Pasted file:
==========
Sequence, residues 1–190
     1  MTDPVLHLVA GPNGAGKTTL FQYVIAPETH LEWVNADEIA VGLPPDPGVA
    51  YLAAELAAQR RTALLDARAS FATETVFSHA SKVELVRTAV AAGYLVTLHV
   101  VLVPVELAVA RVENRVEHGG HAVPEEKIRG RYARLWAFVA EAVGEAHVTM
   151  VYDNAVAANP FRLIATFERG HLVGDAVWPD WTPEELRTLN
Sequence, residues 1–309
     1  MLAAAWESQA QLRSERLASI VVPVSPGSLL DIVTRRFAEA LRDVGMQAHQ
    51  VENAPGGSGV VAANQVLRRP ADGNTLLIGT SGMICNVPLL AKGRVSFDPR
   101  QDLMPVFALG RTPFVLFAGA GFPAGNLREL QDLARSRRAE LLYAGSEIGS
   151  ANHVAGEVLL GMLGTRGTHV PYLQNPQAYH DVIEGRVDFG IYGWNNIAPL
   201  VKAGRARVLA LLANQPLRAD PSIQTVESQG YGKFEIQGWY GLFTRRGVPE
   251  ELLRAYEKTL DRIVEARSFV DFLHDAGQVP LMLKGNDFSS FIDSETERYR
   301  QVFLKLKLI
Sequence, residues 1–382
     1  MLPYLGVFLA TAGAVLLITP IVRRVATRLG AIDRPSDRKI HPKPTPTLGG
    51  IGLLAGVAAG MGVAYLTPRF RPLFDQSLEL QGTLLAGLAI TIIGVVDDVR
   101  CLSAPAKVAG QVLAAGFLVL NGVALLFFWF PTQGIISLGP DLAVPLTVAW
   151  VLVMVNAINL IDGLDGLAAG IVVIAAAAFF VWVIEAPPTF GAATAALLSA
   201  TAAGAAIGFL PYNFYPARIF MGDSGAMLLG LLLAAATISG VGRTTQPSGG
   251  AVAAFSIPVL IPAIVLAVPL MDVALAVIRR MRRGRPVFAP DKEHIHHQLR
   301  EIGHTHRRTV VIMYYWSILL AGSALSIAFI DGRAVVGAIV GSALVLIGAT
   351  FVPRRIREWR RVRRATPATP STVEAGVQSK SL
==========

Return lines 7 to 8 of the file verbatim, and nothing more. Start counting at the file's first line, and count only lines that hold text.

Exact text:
     1  MLAAAWESQA QLRSERLASI VVPVSPGSLL DIVTRRFAEA LRDVGMQAHQ
    51  VENAPGGSGV VAANQVLRRP ADGNTLLIGT SGMICNVPLL AKGRVSFDPR